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26 October 2010

Why the NHS budget isn’t as safe as you think

The rate of health-service inflation means the NHS will suffer a real-terms cut of 5-6 per cent.

By George Eaton

The NHS is “the closest thing the English have to a religion”, Nigel Lawson famously remarked. With this in mind, it’s not surprising that the coalition has made much of its pledge to protect the health service from spending cuts. But does this cast-iron promise stand up to scrutiny? A new study by the independent King’s Fund suggests not.

The think tank points out that because the rate of health-service inflation is higher than in the economy as a whole, the government’s promise to protect NHS spending will be met only if economy-wide inflation measures are used.

Under the coalition’s plans, spending will rise by 0.1 per cent a year in real terms, but this increase will be wiped out by the cost of new drugs, medical technology and an ageing population, meaning that the NHS will, in effect, suffer a real-terms cut of 5-6 per cent.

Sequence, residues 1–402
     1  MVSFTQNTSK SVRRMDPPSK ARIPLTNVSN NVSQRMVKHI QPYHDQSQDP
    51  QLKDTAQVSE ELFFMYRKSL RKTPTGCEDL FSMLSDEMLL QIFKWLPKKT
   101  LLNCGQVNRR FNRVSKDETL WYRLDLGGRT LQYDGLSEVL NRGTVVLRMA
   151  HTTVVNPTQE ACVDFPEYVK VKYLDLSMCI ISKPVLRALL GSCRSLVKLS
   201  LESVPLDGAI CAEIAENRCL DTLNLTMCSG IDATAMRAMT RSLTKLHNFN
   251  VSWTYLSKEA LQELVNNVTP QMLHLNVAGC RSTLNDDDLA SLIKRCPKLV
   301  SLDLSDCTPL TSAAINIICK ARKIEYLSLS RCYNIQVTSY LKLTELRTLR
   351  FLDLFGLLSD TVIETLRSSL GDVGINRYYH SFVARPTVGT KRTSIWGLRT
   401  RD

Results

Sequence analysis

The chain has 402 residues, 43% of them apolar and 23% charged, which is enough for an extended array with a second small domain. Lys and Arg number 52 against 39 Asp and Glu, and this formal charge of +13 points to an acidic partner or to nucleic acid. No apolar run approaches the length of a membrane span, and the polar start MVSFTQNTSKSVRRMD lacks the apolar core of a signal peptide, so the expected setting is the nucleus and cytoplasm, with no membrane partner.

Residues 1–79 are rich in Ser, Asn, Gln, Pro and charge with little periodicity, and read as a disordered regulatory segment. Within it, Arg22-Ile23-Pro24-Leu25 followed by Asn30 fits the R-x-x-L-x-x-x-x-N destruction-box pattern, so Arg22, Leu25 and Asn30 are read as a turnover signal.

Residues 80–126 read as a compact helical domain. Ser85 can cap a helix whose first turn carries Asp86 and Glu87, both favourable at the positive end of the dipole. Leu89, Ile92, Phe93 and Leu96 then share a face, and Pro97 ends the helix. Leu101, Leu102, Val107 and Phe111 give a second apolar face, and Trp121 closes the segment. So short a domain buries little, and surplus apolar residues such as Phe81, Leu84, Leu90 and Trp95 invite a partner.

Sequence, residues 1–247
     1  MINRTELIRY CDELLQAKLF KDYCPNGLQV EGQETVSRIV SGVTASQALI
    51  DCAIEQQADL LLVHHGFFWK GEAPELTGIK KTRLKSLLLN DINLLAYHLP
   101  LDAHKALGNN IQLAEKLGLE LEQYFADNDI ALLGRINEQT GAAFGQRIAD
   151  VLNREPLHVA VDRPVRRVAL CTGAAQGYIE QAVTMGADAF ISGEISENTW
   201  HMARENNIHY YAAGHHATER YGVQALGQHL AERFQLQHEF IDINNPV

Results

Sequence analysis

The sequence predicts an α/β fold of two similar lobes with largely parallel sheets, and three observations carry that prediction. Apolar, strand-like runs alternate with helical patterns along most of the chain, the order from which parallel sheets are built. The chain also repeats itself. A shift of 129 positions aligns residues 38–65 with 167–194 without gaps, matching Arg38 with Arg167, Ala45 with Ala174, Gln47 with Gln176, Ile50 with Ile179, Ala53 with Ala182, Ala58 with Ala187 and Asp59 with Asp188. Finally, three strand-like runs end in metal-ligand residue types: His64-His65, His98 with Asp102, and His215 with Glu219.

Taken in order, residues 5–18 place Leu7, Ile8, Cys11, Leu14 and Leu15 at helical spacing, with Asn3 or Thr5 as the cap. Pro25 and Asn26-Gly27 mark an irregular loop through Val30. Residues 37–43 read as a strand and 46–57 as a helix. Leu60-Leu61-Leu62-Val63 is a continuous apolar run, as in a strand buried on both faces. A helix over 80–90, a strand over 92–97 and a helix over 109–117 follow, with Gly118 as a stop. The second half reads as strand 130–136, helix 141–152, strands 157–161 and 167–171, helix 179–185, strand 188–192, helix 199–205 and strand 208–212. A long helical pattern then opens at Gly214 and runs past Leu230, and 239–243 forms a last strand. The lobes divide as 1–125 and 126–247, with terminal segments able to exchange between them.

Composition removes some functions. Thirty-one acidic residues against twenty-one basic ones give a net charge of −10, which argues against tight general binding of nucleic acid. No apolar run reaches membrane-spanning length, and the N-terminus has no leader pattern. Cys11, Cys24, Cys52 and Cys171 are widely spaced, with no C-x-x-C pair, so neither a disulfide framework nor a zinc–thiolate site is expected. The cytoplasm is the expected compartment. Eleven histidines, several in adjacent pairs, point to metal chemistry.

The King’s Fund predicts that this will lead to a “funding gap” of as much as £6bn a year and longer waiting times for patients.

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Meanwhile, a poll by the same organisation suggests that doctors are yet to be convinced by Andrew Lansley’s expensive reforms of the service. Just one in four doctors believes that the white paper reforms will improve the quality of patient care; 50 per cent predict that it will prove impossible to maintain efficiency savings while the reforms are implemented.

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Philip Stephens’s warning that the Lansley plan is an “accident waiting to happen” seems prescient. The coalition should take note.